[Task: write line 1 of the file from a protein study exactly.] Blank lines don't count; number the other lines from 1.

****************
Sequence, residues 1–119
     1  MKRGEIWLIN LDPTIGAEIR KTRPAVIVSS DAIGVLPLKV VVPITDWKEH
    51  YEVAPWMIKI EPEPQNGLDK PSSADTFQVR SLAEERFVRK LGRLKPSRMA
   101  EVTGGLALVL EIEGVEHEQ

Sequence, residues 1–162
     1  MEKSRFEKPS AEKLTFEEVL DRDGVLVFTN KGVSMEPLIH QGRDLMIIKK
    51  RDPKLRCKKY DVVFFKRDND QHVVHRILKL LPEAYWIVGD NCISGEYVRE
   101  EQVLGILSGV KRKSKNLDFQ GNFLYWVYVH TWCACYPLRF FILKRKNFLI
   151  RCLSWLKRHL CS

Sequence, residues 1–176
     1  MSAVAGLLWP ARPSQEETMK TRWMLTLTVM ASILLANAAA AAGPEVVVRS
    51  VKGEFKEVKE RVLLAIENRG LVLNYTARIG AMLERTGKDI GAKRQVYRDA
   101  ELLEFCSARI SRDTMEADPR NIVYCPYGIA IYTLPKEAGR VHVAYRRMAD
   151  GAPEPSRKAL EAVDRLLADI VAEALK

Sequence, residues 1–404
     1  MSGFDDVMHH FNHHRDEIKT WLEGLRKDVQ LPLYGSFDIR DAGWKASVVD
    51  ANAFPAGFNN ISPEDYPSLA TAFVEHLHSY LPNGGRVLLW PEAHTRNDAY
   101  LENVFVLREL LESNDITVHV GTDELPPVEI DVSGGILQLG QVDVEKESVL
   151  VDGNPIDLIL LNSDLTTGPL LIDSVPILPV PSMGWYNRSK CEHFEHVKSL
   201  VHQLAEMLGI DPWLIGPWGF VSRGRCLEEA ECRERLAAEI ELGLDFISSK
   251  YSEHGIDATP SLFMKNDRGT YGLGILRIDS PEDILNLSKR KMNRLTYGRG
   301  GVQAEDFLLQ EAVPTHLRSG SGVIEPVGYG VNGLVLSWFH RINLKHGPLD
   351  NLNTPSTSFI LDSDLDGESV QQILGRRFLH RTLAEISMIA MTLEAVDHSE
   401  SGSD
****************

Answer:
Sequence, residues 1–119